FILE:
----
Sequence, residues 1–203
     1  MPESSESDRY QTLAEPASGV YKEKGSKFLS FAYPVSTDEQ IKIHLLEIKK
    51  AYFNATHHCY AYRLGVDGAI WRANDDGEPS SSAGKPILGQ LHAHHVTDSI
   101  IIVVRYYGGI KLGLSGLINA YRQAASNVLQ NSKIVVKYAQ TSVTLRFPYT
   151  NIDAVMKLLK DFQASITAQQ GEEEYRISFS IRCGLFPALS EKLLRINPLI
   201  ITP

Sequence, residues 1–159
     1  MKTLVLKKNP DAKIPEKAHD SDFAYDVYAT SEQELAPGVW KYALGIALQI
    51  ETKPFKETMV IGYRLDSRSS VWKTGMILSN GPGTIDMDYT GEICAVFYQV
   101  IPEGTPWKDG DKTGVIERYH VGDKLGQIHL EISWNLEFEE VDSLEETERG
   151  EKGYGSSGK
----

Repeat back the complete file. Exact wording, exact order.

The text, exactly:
Sequence, residues 1–203
     1  MPESSESDRY QTLAEPASGV YKEKGSKFLS FAYPVSTDEQ IKIHLLEIKK
    51  AYFNATHHCY AYRLGVDGAI WRANDDGEPS SSAGKPILGQ LHAHHVTDSI
   101  IIVVRYYGGI KLGLSGLINA YRQAASNVLQ NSKIVVKYAQ TSVTLRFPYT
   151  NIDAVMKLLK DFQASITAQQ GEEEYRISFS IRCGLFPALS EKLLRINPLI
   201  ITP

Sequence, residues 1–159
     1  MKTLVLKKNP DAKIPEKAHD SDFAYDVYAT SEQELAPGVW KYALGIALQI
    51  ETKPFKETMV IGYRLDSRSS VWKTGMILSN GPGTIDMDYT GEICAVFYQV
   101  IPEGTPWKDG DKTGVIERYH VGDKLGQIHL EISWNLEFEE VDSLEETERG
   151  EKGYGSSGK